Research by insurers Legal & General has revealed that many SMEs are not adequately protected against debt liability or the death of a key employee.
A ‘Serious Protection Gap’
The findings were published in Legal & General’s latest bi-annual business protection report, ‘State of the Nation’s SMEs’. The company said the survey ‘throws into light the serious protection gap facing some UK businesses and the subsequent need for expert financial advice.’
The report found that many business owners had given little thought to the fate of their businesses or finances if they became critically ill or died, and had not put protective measures in place.
- More than half (53%) of UK small and medium-sized enterprises (SMEs) said they would close within a year if a key employee died or became critically ill.
- 51% of UK business owners have not included instructions about company shares in a will.
- Only 41% of business owners have life cover in place.
‘We can see from the research sample, 92% of SMEs have three owners or less.’ Said the report. ‘This could perhaps indicate that their businesses would be most affected in the event of a death or critical illness of a key person and so key person cover could be an essential product for smaller businesses.’
Richard Kateley, head of intermediary development at Legal & General, said: “Many businesses insure what they can see and feel, such as their contents, property or vehicles, but many forget about a business’s most important asset – its people.
“For over half of the SMEs we surveyed to believe they would last less than a year should a key employee die or require a long absence due to a critical illness is worrying in itself; the fact that it is a risk that they have not considered or realised before is an even bigger worry.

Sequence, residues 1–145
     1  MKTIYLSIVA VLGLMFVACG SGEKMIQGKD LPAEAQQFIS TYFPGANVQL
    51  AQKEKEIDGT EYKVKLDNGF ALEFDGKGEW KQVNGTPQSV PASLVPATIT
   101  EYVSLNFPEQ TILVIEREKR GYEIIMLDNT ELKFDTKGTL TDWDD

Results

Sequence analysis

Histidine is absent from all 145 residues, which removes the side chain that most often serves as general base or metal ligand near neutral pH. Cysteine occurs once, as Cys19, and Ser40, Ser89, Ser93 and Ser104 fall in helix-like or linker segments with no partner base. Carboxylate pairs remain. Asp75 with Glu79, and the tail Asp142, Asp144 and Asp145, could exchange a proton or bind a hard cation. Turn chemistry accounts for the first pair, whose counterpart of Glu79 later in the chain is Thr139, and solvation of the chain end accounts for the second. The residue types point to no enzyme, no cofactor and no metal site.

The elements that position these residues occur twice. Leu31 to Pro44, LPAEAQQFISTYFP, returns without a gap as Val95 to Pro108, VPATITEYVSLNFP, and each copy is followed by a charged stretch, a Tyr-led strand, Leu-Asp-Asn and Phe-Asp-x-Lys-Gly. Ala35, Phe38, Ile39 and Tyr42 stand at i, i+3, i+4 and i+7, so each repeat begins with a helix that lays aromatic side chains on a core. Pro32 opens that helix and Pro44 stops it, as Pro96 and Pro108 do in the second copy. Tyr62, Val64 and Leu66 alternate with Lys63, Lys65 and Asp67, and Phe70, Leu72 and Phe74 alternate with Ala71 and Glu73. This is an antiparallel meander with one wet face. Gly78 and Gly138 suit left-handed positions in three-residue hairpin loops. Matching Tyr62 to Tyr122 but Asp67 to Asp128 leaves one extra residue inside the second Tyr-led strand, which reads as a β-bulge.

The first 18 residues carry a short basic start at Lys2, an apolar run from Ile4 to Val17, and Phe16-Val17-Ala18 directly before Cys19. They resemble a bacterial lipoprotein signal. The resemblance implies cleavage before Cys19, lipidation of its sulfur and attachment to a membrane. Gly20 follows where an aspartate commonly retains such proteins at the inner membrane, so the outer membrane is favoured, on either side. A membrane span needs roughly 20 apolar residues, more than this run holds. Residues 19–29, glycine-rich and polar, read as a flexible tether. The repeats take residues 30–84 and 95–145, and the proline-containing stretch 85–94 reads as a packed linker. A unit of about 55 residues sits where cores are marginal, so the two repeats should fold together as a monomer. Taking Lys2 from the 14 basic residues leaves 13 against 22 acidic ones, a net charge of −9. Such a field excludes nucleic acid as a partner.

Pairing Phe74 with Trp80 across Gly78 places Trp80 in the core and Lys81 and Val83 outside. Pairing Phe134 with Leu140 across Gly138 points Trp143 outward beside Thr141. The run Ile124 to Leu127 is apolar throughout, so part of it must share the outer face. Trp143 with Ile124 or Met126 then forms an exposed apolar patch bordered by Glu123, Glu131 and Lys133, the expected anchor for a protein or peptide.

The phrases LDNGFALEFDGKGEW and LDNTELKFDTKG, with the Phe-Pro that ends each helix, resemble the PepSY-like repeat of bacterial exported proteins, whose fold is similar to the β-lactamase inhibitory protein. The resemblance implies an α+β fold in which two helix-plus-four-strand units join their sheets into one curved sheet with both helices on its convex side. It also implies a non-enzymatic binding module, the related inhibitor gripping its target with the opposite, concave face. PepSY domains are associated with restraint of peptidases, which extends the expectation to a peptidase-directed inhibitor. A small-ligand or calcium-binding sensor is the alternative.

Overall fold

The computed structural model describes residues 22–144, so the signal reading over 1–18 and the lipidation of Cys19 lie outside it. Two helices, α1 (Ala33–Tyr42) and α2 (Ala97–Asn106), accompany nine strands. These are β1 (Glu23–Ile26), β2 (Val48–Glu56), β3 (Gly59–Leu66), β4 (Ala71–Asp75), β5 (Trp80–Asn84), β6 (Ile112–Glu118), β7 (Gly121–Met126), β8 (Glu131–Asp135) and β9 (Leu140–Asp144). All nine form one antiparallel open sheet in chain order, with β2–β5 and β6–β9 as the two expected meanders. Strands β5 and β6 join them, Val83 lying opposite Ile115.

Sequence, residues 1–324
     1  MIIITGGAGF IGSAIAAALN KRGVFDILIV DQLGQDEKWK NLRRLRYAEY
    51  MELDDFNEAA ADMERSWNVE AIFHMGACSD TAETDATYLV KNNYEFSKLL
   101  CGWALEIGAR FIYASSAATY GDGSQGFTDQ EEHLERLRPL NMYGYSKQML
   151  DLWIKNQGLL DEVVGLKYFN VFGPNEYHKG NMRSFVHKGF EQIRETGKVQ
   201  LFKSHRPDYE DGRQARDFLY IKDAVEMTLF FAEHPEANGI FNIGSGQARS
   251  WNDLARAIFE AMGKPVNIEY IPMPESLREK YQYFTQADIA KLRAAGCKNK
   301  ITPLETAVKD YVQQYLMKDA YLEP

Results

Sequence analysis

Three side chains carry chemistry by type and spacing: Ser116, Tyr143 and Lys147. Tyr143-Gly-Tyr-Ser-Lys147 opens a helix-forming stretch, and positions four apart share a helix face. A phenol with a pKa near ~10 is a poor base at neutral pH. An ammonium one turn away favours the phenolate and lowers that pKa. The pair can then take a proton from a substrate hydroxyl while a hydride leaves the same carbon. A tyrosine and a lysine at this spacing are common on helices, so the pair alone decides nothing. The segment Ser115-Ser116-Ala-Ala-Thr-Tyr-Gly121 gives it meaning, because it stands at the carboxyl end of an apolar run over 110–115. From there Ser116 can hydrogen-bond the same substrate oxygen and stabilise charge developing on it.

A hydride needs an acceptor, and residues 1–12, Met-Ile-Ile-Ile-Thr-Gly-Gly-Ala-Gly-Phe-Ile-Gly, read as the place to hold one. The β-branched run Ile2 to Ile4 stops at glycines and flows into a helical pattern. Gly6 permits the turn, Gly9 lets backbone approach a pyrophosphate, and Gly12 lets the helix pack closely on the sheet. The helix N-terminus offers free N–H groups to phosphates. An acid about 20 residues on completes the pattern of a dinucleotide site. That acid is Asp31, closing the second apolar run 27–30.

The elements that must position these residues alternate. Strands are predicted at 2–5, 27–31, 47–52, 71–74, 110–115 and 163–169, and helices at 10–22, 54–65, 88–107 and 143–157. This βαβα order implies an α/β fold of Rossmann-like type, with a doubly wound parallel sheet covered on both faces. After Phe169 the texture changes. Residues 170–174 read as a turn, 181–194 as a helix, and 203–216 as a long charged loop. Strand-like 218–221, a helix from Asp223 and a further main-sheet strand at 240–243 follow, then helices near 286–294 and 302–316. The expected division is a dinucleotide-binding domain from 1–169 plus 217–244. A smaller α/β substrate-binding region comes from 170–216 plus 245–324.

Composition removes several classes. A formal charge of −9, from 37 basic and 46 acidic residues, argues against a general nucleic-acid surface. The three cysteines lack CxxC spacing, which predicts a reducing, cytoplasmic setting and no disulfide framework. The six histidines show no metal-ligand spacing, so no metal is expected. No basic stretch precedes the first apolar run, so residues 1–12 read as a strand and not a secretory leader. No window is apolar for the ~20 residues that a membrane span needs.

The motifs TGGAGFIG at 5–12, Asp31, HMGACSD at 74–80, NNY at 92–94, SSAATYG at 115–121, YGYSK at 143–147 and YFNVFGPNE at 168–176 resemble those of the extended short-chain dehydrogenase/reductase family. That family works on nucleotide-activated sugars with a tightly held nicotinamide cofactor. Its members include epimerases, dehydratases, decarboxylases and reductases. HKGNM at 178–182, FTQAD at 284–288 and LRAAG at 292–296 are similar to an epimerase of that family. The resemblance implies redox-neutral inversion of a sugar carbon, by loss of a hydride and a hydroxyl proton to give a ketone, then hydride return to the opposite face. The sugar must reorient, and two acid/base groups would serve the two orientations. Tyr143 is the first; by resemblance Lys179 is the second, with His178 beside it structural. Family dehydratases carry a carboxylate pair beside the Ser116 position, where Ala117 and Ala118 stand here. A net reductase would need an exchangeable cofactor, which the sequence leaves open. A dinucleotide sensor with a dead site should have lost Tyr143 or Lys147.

“It is vital that businesses consider protecting their future against such an eventuality.”
The report also showed that many SMEs were not protecting themselves against the risk of business debt. 65% of the companies surveyed had some form of business debt – a percentage that has doubled since 2013, when only 32% said they had business debt. Yet 75% said they did not see the need for business loan protection or hadn’t considered it.
Richard Kateley said Legal & General have become market experts in business protection and the corresponding lack of awareness among SMEs of the risks they face,
“Our aim is to drive the right conversations to help business owners on business risk,” he said in his introduction to the report. “Many owners are focused on the day-to day pressures of running their business and its profitability. However, a high number lack vital cover for unforeseen events or possibly are unaware of the risks that they may be facing.
With the right knowledge, businesses are better placed to make the right decisions in protecting themselves. This begins with adviser/client conversations and properly evaluating the risks a business faces.”
Some 53 per cent said they would close after a critical event such as an employee’s death – an increase of 13 per cent on 2015, according to Legal & General’s state of the nation’s SMEs report, which surveyed more than 800 small businesses.
New companies (67 per cent) and sole traders (73 per cent) were the most likely to say they would not last beyond a year in the event of a death or other critical event.
Yet despite a widespread awareness of the risks, around a third (32 per cent) of SMEs said they had not even considered key person insurance, while another third (31 per cent) said they had not got round to looking into it.
A further 28 per cent said they thought cost would be an issue in taking out a key person policy.
It is vital that businesses consider protecting their future against such an eventuality and advisers can play a vital role in this.
Roy McLoughlin, associate director at London-based Cavendish Ware Wealth Management and Financial Planning, said: “Every time I read something like this it shows me that there is an education piece that needs to be performed by advisers to show how liable these companies are to deaths and critical illness.
“It goes hand in hand with the issue of succession planning – if a person dies, what happens to their shares?
“Everyone forgets that the UK is dominated by small companies, not large ones, and they often get forgotten as business prospects, even though they make the most loyal clients and give referrals.”